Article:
Only a few short years ago, strategic themes were very much the focus within the business environment. Organisations of all kinds discussed themes and sought to align their operational efforts around them.
But today, the emphasis has moved on to strategic priorities. Why is the change necessary when the two things don’t actually sound that different? Is this simply a case of changing jargon for change’s sake? Let’s start by pinning down our terms.
Defining themes and priorities
– A theme allows us to break down the business’s vision and purpose into workable chunks.
– A priority, allows us to do the same thing, but it adds the necessary importance and urgency that ensures it is actioned.
So, themes and priorities are largely similar – but a priority brings about a sense of urgency. This is crucial because we need to be able to prioritise the outcomes of our strategic planning rather than simply categorise them.
Times have changed
Today we talk about strategic priorities more than strategic themes. Why? Because we know that there needs to be time-bound, concerted, business-wide action behind them in order to ensure they are achieved.
Without that sense of urgency – or the SMART measures that we tend to use – a theme can simply roll onwards without a natural end-point – something that is particularly dangerous when we have a business strategy and plan to deliver within a fixed time-frame. (Not to mention a highly-competitive world where other organisations are keen to grab your market share – and where stakeholders demand healthy returns!)
Let’s take a closer look.
A business strategy can generally be broken down into two to three key strategic themes – or ‘pillars of excellence’ which describe the main areas a company needs to focus on to fulfil its vision and mission. Themes tend to be broad in nature – cross-functional and cross-organisational. An example might be ‘best-in-class customer service’, or ‘operational efficiency’. You can see here that strategic themes are used to provide a framework to achieve strategic-level results; those that really matter.
Their importance is undeniable – but as a broad theme, they lack that sense of urgency that the organisation needs to drive its efforts forwards and to secure competitive advantage through timely action.
The danger is that the business themes become permanent, and ultimately become overtaken by more immediate, pressing concerns. Concerns which may not actually take the organisation in its intended strategic direction.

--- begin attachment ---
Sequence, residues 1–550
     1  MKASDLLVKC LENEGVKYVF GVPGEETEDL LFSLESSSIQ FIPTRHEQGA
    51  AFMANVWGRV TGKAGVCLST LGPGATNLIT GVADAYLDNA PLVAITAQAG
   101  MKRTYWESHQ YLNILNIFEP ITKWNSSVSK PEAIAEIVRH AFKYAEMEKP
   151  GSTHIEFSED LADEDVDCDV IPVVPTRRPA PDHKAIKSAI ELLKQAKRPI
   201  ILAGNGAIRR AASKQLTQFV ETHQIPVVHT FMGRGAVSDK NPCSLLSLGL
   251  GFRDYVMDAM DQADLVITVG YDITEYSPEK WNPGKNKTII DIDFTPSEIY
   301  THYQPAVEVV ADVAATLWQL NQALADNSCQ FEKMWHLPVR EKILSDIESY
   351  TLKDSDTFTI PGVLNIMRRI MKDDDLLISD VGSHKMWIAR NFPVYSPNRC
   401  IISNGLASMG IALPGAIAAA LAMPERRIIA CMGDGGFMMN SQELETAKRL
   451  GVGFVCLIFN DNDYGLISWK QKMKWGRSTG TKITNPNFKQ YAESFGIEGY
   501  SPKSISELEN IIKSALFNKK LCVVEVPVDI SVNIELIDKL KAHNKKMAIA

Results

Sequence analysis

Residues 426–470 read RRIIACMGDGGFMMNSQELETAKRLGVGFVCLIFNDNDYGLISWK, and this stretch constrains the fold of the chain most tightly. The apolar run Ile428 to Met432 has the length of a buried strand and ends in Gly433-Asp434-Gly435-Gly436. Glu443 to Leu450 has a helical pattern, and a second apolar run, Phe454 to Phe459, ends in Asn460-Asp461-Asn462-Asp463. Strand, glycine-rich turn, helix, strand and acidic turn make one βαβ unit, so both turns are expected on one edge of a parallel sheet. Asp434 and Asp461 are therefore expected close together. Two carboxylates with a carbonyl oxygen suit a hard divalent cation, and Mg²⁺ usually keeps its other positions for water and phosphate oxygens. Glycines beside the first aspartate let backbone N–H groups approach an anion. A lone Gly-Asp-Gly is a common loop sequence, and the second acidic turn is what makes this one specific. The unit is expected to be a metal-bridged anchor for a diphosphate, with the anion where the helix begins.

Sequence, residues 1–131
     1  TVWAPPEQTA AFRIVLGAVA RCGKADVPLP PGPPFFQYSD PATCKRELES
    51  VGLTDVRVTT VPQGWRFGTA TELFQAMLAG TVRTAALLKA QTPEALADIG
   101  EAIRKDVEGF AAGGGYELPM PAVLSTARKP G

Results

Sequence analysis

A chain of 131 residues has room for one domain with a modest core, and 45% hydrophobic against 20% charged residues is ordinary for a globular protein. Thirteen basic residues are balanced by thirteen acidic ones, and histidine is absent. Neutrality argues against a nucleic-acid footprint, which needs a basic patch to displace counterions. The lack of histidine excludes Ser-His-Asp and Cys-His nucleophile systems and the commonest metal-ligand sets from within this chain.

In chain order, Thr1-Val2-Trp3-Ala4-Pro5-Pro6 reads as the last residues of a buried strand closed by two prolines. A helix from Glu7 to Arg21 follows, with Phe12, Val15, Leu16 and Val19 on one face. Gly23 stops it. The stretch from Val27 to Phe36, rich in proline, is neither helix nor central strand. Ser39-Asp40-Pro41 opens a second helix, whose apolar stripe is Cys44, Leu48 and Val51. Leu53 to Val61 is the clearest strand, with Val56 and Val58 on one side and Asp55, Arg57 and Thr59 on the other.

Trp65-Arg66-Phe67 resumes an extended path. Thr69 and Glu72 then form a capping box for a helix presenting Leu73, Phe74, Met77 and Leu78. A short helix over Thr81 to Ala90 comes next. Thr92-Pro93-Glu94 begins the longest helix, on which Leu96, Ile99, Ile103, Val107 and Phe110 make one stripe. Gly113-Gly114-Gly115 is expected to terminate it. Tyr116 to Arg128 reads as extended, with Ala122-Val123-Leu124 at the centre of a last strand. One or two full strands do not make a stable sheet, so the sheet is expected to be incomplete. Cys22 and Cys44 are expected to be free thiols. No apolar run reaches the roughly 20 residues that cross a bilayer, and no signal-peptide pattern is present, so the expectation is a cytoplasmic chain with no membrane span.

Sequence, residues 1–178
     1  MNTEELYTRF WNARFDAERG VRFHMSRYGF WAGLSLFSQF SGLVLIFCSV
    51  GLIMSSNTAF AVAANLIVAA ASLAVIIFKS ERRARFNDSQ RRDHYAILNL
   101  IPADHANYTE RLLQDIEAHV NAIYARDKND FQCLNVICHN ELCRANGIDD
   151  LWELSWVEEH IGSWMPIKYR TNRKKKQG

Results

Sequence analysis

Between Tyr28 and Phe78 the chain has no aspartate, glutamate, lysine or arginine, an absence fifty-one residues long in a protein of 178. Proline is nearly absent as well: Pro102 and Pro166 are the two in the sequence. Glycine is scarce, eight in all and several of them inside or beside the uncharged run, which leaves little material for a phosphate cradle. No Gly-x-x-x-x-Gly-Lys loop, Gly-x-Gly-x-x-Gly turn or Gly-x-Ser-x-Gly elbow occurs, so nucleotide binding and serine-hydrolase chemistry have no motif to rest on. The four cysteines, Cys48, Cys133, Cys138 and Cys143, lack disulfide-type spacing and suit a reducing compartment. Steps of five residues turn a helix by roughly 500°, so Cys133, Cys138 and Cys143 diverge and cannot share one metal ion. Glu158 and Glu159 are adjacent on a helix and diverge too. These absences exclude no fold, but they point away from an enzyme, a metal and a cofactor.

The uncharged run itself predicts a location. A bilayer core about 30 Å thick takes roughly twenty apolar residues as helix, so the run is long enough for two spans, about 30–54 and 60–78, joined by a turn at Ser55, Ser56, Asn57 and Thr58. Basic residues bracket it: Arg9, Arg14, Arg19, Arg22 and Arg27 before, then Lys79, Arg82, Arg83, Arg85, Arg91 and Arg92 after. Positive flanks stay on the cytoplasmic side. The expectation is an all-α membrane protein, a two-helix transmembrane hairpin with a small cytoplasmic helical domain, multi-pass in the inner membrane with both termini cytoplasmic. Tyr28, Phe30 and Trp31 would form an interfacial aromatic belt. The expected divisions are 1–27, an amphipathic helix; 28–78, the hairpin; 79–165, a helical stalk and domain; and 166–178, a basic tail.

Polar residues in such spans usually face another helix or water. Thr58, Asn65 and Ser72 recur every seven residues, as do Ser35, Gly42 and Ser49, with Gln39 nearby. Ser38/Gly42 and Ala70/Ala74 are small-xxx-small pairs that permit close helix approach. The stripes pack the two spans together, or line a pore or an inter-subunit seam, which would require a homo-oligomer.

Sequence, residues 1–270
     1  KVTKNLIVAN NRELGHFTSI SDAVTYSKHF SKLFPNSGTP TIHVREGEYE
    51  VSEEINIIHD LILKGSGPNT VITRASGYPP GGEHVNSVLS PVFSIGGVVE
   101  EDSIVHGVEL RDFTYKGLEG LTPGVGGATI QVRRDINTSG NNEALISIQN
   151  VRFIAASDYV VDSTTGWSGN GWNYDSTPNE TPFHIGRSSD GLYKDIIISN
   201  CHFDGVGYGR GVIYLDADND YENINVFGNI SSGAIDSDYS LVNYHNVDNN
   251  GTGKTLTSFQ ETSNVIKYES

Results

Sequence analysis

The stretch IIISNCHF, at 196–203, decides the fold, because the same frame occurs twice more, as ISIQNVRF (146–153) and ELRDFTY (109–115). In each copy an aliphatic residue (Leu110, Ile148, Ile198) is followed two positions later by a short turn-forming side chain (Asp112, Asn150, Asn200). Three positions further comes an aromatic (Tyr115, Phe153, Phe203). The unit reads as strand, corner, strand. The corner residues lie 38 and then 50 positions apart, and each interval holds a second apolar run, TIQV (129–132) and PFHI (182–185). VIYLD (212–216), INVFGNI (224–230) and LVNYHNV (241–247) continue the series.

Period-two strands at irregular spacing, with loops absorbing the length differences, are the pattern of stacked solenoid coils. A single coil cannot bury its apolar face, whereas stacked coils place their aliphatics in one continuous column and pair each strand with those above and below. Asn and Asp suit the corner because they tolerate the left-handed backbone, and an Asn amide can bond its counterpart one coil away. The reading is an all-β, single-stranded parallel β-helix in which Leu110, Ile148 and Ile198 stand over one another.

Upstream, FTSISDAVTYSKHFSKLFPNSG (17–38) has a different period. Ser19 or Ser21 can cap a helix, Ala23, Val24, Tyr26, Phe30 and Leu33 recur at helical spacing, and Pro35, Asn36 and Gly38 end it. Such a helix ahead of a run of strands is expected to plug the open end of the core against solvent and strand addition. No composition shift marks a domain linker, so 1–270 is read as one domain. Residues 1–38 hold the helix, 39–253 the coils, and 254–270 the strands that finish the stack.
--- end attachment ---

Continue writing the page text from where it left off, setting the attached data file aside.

It may only be a change in language, but by talking about strategic priorities, we instil that necessary sense of urgency. We prioritise the outcomes of our strategic planning – rather than simply categorise them.
Setting strategic priorities
So we know now that we need to focus on setting strategic priorities and focusing our resources and efforts towards delivering those priorities in order to achieve the business strategy itself.
How can we do this? The nature of ‘priority’ encourages us to act fast… but setting these strategic priorities actually takes time.
At Intrafocus, we recommend to businesses that they focus on three areas and use them to create an information wall. Usually, we do this with the surprisingly low-tech approach of using post-it notes to brainstorm on a wall! Get those notes up and move them around as necessary to create your three areas that describe:
a) The current situation – which usually requires breaking down the organisation’s purpose and vision to find strengths, weaknesses, opportunities and threats (SWOTs). Ask what you’re succeeding at, and where you are falling short. Where could you change the game with the quality of your business delivery – and what is preventing you from being the best possible business that you could conceivably be?
b) The future perspective – use your vision and purpose to forecast your business’s future. This can be challenging but you can use various imagining techniques to help. For example, we often ask our clients to mentally place themselves five years into the future, and look back at today – asking in which ways the business has been particularly successful. This simple exercises can be surprisingly powerful!
c) Your value proposition – this is key for your strategic priorities, and involves collating the most pressing reasons by your customers – and target audience – should be interested in your business offer. Again, grab those post-it notes and get your team to brainstorm their ideas. Are you swift, ethical, premium, reliable or innovative, for example?
Define your priorities
Once you have defined these states – current position, future state and value proposition – you can define your business’s strategic priorities and create three. Take your post-its and group them into areas which are thematically similar – such as customers, skills, operations, products etc. Then, write three statements of priority, using the words that you already have gathered in the earlier exercises.
Why three? Too many priorities and it becomes difficult for people to focus. Set three, and the law of diminishing returns suggest that you should succeed at least two or three. But set four or more and you might struggle to achieve one or two.
Find out more
Intrafocus works with businesses and organisations across all industries to help with their strategic journey. Whether you are new to the strategic process or well-versed in strategic development, our experienced consultants can add measurable value at every step of the way. We are also able to work remotely during this socially-distance period! Please contact us in the first instance for an informal chat about your needs, and how we might help you.